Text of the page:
Sunday, January 27, 2008

Flight training is almost complete!

As most everyone is aware, especially if you live in Atlanta, we are running out of water. Well, with as much rain and craptacular weather we have had in the last month, I think our water situation is changing. It better be because I have had to cancel a lot of flights over the last few weeks.

About 2 weeks ago Melissa and I were able to do my night time x-country and we flew up to Habersham airport near Clarkesville. Flying at night is so cool, although scary because you can't see anything on the ground except lights..... I think I mentioned this the other night flight we did, but it actually is "easier" landing at night. I still don't know what it is about it, but maybe it's the fact that the lights really lead you to the end of the runway. So with that flight I completed my 3 hours of night flying with a total of 15 takeoffs and landings at night. The requirement is 10, but the first time we went up I was having too good of a time to not do a few more!

So finally this past Friday I was able to do my long x-country (over 100 nautical miles) and finish up all of my flight time for that requirement. You have to have a total of 5 hours of solo x-country to meet the requirements and I got 3.7 from this flight. I mapped out a route that was not a perfectly straight line between points going to Augusta. The first reason was to stay below the Atlanta Class B airspace (5000' ceiling to fly under it and I was trying to get to 5500') and the second reason is that there are 3 airports lined up between Monroe and Augusta that would be perfect for a forced landing, so safety was the other concern. For these flights you are only using the sectional chart, the proposed heading/ground speed/minutes between checkpoints, and literally looking at the ground to find those points. Ideally you want to have a point on the ground spaced no more than 20 nautical miles between points and sometimes that means the only thing is a lake or a power line. But both are actually great references! Since the longest leg of my journey was to Augusta, I was really hoping that I would hit my points along the way, and I did. I hit all of them within about 30 seconds, give or take a little. I even called Augusta Approach and requested Flight Following. This is a voluntary deal where you contact them and they will basically help you look out for weather and other traffic along your route. I did a touch and go at Daniel Field in Augusta and then went around because I didn't really like my "technique". :) The other one wasn't so great either, but they were both "safe"..... So then I was off to Athens! The second leg was even less eventful than the first so I stopped there and had a vending machine lunch while they topped off the plane. I spoke with my instructor and she said it looked like there might be some weather in Atlanta moving in, so I needed to get up and go. GREAT! I had just checked the weather myself and had already concurred the same thing, but it was nice of her to call. The only problem was, I needed it to take 1 hour to fly what should take about 30 minutes.... So I flew to Lawrenceville (where I soloed!) and did 4 touch and gos then headed on back to PDK. As luck would have it, it never rained and I ended up with .2 hours more than I needed with 3.7 hours total!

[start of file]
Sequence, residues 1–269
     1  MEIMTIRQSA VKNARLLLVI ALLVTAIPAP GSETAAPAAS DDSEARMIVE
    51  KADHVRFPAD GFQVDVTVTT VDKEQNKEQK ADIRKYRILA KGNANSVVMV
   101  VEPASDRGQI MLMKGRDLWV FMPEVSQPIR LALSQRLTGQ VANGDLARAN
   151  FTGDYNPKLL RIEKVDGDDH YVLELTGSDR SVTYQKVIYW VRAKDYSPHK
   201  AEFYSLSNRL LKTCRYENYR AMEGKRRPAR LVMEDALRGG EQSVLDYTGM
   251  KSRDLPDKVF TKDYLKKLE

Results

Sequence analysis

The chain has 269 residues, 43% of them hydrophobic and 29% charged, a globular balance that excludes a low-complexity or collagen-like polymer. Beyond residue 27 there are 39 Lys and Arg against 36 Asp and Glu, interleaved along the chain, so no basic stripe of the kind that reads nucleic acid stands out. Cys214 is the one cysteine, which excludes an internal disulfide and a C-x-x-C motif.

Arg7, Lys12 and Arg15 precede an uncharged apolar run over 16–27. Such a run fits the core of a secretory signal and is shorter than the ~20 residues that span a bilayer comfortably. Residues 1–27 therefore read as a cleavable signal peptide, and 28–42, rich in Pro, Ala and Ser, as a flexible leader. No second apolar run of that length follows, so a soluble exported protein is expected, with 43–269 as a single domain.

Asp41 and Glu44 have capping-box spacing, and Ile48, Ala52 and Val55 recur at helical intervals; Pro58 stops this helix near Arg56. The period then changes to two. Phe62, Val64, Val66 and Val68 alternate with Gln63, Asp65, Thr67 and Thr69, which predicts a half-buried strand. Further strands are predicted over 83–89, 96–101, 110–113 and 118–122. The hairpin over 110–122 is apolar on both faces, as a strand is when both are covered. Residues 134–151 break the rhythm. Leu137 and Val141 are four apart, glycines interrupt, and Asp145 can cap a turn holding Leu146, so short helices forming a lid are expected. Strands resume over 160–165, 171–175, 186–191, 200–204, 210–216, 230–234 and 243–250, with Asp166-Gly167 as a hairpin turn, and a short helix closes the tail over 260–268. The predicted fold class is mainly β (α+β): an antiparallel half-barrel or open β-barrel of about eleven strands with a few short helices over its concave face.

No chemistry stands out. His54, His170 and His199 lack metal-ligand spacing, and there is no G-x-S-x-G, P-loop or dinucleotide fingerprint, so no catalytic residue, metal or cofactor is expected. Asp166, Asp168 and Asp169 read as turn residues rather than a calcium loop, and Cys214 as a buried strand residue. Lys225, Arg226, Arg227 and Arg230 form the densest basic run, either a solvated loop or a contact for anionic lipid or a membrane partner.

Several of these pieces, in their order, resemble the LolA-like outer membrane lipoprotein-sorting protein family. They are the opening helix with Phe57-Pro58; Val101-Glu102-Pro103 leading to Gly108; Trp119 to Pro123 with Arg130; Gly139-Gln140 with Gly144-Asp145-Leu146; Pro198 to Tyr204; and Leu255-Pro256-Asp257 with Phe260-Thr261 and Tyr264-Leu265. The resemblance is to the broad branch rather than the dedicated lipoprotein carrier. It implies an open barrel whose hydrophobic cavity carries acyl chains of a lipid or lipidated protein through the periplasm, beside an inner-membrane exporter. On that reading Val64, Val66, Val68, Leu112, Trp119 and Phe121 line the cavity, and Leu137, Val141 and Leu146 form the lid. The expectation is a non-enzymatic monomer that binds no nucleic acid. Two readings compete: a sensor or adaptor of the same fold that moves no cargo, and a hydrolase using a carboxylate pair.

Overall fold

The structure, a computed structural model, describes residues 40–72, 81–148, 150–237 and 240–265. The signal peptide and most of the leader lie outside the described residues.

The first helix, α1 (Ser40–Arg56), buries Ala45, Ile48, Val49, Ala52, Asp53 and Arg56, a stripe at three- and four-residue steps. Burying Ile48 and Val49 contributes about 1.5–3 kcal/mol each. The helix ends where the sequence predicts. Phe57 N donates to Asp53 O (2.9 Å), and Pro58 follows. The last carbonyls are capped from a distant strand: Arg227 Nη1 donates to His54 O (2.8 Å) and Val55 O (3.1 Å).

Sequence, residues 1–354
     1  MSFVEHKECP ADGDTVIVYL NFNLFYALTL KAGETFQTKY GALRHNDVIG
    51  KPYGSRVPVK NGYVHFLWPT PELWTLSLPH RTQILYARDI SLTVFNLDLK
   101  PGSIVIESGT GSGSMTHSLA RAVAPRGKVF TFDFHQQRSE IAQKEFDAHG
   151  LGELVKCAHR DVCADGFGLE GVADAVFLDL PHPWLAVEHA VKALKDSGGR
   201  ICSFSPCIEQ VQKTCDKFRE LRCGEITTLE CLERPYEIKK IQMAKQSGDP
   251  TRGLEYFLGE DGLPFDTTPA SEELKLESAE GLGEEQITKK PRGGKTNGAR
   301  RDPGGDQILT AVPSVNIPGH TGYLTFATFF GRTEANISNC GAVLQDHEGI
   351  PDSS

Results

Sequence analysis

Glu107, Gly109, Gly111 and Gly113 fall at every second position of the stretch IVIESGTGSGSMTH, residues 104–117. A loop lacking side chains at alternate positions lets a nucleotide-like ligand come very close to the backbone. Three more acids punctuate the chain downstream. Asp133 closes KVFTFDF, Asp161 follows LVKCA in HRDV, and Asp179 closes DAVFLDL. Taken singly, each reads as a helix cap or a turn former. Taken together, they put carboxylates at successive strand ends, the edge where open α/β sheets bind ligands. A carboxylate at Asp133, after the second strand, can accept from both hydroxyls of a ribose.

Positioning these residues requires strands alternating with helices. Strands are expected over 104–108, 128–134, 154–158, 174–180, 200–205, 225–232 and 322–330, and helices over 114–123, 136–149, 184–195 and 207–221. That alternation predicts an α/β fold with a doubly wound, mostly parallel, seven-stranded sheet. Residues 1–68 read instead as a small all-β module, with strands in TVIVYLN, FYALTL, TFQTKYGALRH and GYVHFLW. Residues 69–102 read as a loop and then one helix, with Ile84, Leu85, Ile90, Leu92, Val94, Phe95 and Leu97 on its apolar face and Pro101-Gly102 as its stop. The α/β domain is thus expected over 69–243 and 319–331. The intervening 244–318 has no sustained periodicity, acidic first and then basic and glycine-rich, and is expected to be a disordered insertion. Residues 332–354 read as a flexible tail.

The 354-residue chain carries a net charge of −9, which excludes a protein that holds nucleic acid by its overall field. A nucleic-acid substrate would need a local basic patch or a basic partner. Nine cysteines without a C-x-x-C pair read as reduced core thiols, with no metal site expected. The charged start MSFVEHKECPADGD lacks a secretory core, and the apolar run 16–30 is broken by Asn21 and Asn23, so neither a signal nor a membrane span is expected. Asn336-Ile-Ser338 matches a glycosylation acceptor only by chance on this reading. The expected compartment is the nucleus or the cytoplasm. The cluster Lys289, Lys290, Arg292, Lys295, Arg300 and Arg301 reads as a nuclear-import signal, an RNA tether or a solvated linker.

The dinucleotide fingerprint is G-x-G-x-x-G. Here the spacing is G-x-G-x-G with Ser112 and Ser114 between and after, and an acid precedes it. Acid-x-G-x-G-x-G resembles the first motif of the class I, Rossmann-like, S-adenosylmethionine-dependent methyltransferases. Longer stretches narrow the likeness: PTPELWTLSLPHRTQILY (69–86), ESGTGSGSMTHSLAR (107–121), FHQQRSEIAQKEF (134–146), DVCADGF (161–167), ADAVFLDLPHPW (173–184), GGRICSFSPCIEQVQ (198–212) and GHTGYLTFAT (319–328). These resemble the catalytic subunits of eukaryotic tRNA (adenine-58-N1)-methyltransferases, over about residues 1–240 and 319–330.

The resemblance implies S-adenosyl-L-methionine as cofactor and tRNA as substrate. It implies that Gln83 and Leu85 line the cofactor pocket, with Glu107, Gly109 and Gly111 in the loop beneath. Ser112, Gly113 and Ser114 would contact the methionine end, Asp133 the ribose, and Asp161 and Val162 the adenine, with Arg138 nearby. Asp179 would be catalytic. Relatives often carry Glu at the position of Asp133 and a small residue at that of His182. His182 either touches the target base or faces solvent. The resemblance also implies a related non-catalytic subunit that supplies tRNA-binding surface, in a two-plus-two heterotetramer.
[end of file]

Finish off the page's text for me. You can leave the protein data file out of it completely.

Now I really have to prepare for the written exam, the oral exam and the practical. The last two are what you do with the Designated Flight Examiner as your final "check ride". Melissa and I have a few maneuvers to practice in the air, she needs to quiz me on some of the oral stuff, and I still need to get 2 more hours solo time to meet the 10 hour minimum. So I'm getting close and really anxious. Who's ready to go flying somewhere?????

Blue skies


Joy said...

Wow, Brian, you've been busy! I'd been missing your posts, wondered what you were up to. :-) Congrats on that long flight and good luck prepping for the exam!

HaleyD said...

Study hard! We love you (even if we're maybe not quite ready to take off w/you)!!!